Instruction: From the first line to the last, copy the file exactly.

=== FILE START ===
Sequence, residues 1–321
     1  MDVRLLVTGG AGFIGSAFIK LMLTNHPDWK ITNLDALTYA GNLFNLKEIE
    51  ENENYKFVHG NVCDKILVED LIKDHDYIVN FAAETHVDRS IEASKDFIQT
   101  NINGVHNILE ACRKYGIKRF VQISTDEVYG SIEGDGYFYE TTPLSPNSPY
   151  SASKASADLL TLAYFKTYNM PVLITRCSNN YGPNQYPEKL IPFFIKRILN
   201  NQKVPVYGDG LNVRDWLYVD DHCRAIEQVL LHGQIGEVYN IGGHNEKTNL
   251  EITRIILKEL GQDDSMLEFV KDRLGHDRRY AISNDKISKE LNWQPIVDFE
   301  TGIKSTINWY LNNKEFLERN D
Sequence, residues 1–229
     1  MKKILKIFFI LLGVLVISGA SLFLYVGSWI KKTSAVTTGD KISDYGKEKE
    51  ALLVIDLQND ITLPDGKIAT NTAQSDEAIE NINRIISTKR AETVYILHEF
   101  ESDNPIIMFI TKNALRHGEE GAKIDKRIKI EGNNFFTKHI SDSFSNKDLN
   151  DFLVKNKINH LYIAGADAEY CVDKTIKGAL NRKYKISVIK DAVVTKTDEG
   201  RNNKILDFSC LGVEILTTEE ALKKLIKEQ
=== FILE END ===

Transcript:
Sequence, residues 1–321
     1  MDVRLLVTGG AGFIGSAFIK LMLTNHPDWK ITNLDALTYA GNLFNLKEIE
    51  ENENYKFVHG NVCDKILVED LIKDHDYIVN FAAETHVDRS IEASKDFIQT
   101  NINGVHNILE ACRKYGIKRF VQISTDEVYG SIEGDGYFYE TTPLSPNSPY
   151  SASKASADLL TLAYFKTYNM PVLITRCSNN YGPNQYPEKL IPFFIKRILN
   201  NQKVPVYGDG LNVRDWLYVD DHCRAIEQVL LHGQIGEVYN IGGHNEKTNL
   251  EITRIILKEL GQDDSMLEFV KDRLGHDRRY AISNDKISKE LNWQPIVDFE
   301  TGIKSTINWY LNNKEFLERN D
Sequence, residues 1–229
     1  MKKILKIFFI LLGVLVISGA SLFLYVGSWI KKTSAVTTGD KISDYGKEKE
    51  ALLVIDLQND ITLPDGKIAT NTAQSDEAIE NINRIISTKR AETVYILHEF
   101  ESDNPIIMFI TKNALRHGEE GAKIDKRIKI EGNNFFTKHI SDSFSNKDLN
   151  DFLVKNKINH LYIAGADAEY CVDKTIKGAL NRKYKISVIK DAVVTKTDEG
   201  RNNKILDFSC LGVEILTTEE ALKKLIKEQ